What if, amongst the 20,000 new tracks uploaded to Spotify every single day, Universal starts to see its market share eroded by indie-distributed artists forcing their way into the so-called “top tier” of Daniel Ek’s service?
And what if superstar artists with expired contracts (and very-much-unexpired legal representation), continue to claw back digits of margin in new-school major label deals?
There are other signs that an IPO for Universal in 2018 might be a timely one, too.
Despite (and largely because) of that 20.6% rise in EBITA profit last year, one financial line in UMG’s annual results stood out as being particularly odd: the company’s CFFO (cash flow from operations) actually fell in the year, down 2.6% to €646m.
When questioned on what caused this anomaly in the subsequent earnings call, Vivendi’s top brass suggested that Universal had been particularly advance-happy in the 12 months.
In other words, it got busy with the check-book to lock down superstar artists to new multi-year deals.
As Vivendi CFO Herve Phillipe described it, this helps to “federalize” the company’s roster.
Such a practice, of course, makes complete business sense on any given day: it secures Universal’s partnerships with the brightest and best talent ahead of what Sir Lucian Grainge and his team hope will be a roaringly successful few years.
But it also naturally maximizes Universal’s valuation – ie. the worth of its combined assets, judged against future earnings – right here, right now.
In November last year, Vivendi CEO Arnaud de Puyfontaine told the Morgan Stanley European Technology, Media and Telecoms conference in Barcelona that he believed – on advice from an unnamed bank – that Universal was now worth more than $40bn.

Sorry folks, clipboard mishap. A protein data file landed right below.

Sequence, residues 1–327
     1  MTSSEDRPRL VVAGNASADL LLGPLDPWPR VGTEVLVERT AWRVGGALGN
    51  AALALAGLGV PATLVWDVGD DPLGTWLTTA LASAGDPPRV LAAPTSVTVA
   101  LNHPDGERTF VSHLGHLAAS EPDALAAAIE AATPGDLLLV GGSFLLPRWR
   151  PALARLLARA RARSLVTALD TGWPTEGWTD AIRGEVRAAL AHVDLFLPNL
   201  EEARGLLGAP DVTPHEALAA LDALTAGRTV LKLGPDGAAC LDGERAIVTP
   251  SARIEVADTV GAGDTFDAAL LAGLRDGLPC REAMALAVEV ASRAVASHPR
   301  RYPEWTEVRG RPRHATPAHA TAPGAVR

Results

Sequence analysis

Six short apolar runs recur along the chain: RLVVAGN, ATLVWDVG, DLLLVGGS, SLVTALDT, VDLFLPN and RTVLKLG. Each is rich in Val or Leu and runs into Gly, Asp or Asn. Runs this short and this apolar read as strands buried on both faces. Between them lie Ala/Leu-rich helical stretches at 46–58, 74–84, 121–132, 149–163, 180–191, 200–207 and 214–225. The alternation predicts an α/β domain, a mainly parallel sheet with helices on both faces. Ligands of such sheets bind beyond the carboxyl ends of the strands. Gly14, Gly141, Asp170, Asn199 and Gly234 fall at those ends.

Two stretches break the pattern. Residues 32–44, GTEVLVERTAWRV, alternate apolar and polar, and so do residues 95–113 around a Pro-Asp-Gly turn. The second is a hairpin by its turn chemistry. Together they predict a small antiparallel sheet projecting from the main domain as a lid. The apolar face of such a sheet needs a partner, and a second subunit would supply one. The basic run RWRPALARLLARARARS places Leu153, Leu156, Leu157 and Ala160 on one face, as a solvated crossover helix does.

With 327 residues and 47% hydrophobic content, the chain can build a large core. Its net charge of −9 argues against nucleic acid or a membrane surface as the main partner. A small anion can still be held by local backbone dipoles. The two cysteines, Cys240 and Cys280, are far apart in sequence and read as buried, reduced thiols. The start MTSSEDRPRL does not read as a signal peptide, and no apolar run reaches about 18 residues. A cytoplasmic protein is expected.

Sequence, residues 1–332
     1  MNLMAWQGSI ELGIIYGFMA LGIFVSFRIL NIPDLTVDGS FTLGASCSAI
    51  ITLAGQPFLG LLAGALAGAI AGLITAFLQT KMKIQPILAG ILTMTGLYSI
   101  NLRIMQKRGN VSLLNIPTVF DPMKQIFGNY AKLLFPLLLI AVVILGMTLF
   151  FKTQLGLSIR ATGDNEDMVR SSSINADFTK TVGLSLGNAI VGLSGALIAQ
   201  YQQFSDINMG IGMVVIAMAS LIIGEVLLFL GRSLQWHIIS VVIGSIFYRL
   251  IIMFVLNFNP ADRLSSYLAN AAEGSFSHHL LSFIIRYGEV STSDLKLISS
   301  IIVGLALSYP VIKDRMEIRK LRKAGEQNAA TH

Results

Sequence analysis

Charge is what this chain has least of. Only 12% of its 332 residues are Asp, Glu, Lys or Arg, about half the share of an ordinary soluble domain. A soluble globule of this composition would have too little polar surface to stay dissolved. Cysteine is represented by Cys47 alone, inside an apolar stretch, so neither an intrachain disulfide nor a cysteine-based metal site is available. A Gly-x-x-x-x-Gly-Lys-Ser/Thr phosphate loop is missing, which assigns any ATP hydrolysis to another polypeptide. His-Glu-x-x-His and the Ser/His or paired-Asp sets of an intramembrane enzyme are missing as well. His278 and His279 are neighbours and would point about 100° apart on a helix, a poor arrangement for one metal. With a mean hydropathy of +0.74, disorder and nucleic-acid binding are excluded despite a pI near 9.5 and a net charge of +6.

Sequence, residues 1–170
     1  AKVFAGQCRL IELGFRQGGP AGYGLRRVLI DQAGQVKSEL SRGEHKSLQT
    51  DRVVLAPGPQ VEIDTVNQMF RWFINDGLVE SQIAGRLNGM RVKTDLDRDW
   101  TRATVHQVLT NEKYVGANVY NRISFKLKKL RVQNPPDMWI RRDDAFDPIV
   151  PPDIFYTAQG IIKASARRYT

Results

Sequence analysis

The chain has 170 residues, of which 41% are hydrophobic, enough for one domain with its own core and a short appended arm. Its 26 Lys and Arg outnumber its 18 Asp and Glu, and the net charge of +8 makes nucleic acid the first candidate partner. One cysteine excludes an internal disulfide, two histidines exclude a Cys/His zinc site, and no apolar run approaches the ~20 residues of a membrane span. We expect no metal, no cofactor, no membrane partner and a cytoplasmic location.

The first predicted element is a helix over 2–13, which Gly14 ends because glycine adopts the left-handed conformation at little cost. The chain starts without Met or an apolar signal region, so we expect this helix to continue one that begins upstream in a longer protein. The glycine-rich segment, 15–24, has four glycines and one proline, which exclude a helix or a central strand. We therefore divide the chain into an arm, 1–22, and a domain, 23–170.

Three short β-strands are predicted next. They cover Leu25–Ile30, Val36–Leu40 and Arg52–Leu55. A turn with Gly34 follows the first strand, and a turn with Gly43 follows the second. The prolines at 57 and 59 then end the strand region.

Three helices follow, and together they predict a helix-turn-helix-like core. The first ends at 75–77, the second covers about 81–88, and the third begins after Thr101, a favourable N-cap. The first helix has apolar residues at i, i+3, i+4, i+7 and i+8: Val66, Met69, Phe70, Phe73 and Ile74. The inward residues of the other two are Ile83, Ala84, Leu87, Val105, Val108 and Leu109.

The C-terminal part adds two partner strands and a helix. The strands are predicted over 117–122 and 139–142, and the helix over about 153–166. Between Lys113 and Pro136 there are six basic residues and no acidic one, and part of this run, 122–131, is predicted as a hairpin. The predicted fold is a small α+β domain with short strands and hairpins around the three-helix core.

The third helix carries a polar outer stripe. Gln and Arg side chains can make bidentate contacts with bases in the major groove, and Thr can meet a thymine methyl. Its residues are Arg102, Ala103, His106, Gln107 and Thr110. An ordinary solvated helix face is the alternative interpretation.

That, as MBW subsequently pointed out, represented a multiple of around 46-times Universal’s annual EBITA income.
We wrote at the time, with due cause: ‘Arnaud De Puyfontaine is severely testing the boundary between bloated modern market interest in music rights… and utter fiction.’
This, however, was five months before Spotify went public.
Today, a music-centric company that’s never posted a profit, and arguably has no obvious path to making one, has nailed a near-$30bn market cap on the New York Stock Exchange.
Even more impressively, for now, it’s managed to sustain it.
So with that in mind, who’s to say?
Maybe Arnaud De Puyfontaine knew something we didn’t: when everyone wants to get their hands on your cheese puffs, you can charge pretty much what you like for them.
The MBW Review is supported by FUGA, the high-end technology partner for content owners and distributors. FUGA is the number one choice for some of the largest labels, management companies and distributors worldwide. With a broad array of services, its adaptable and flexible platform has been built, in conjunction with leading music partners, to provide seamless integration and meet rapidly evolving industry requirements. Learn more at www.fuga.comMusic Business Worldwide